• Egress into walkways or platforms from doors that swing outward should include the swing radius of the door plus the width of the walkway in the area of the door.
  • Maximum difference in elevation at the threshold of doors that swing outward into walkways or platforms should be no more than 1 inch.
  • Panic and fire exit hardware (e.g., horizontal bar for opening door) should be installed on doors intended for use as exterior doors for emergency egress (e.g., for motor control centers [MCCs], switchgear, battery rooms, laboratories).
  • Stairway landings at outwardly swinging doors should have a minimum 30 × 30-inch landing area that is clear of the swing of the door.
  • A secondary means of egress (ladder or second stairway), should be required in either of the following locations:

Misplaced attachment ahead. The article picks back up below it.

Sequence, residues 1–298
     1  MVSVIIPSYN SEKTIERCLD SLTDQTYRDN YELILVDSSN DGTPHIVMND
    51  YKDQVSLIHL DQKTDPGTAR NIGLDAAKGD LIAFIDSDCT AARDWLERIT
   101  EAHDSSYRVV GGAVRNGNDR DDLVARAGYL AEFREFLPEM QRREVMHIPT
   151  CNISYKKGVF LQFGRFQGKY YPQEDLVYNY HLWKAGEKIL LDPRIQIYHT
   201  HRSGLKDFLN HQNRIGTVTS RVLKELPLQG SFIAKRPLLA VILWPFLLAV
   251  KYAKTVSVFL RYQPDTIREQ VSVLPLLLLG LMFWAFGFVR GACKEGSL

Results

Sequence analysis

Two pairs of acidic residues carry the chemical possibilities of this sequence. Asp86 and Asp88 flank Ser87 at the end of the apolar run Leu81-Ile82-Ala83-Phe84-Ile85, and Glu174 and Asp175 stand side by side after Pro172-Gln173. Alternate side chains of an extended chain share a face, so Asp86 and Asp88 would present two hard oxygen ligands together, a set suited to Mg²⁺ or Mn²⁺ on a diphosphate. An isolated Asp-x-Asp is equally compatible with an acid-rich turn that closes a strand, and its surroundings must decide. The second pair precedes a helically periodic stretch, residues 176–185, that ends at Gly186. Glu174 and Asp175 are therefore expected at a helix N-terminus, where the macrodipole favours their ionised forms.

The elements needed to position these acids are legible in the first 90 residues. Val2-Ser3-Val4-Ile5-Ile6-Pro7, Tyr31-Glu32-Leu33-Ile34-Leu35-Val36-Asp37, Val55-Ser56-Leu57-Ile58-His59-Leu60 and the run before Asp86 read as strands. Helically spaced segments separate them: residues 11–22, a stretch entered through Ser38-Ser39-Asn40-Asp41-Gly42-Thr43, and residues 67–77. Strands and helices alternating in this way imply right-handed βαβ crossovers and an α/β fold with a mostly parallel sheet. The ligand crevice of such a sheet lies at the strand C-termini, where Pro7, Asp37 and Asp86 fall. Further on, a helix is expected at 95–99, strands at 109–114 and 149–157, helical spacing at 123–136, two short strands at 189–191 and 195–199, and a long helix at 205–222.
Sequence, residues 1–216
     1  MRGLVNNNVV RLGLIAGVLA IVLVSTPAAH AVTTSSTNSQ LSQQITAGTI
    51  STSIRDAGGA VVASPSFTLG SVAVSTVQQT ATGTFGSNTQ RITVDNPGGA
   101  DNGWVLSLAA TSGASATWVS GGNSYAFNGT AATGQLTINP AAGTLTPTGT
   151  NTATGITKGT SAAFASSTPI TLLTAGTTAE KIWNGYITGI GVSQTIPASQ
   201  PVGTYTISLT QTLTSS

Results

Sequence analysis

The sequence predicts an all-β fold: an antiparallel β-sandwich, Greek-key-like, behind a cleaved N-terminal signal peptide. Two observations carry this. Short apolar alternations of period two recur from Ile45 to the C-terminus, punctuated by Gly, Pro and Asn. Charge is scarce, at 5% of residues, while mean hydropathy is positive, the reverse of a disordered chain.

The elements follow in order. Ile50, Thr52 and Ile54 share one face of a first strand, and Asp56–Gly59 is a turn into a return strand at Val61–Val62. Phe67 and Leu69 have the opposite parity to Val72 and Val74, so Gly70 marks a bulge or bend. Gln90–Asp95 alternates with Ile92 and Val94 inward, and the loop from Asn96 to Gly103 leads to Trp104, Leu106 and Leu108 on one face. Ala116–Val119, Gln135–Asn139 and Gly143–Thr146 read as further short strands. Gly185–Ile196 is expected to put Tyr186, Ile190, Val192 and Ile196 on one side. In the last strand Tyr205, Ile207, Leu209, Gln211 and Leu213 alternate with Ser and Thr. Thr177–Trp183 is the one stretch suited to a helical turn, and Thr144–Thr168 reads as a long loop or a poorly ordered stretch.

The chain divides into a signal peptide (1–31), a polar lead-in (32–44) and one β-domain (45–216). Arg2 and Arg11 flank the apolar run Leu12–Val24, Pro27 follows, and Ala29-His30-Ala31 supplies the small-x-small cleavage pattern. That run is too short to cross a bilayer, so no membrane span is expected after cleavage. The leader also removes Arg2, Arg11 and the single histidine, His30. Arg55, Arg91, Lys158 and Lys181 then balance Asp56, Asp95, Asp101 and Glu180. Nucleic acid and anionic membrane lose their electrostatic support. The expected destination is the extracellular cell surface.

• Elevated work locations 10 feet or more above grade or floor that have 200 square feet or greater total platform area.
    • Elevated locations in which a potential hazard or injurious chemical exposure may block access to an exit.
  • A secondary means of egress should also be required from rooms that contain equipment in excess of 480 V (MCCs and switchgear buildings only), or where a potential hazard or injurious chemical exposure may block access to an exit (this may be a door).
  • The location of the secondary means of egress should provide an alternate means of escape to a place of safety.
  • Multiple exits for an area should be located as far from each other as possible, but not more than 75 feet from any point where employees may be present unless automatic sprinkler protection is provided.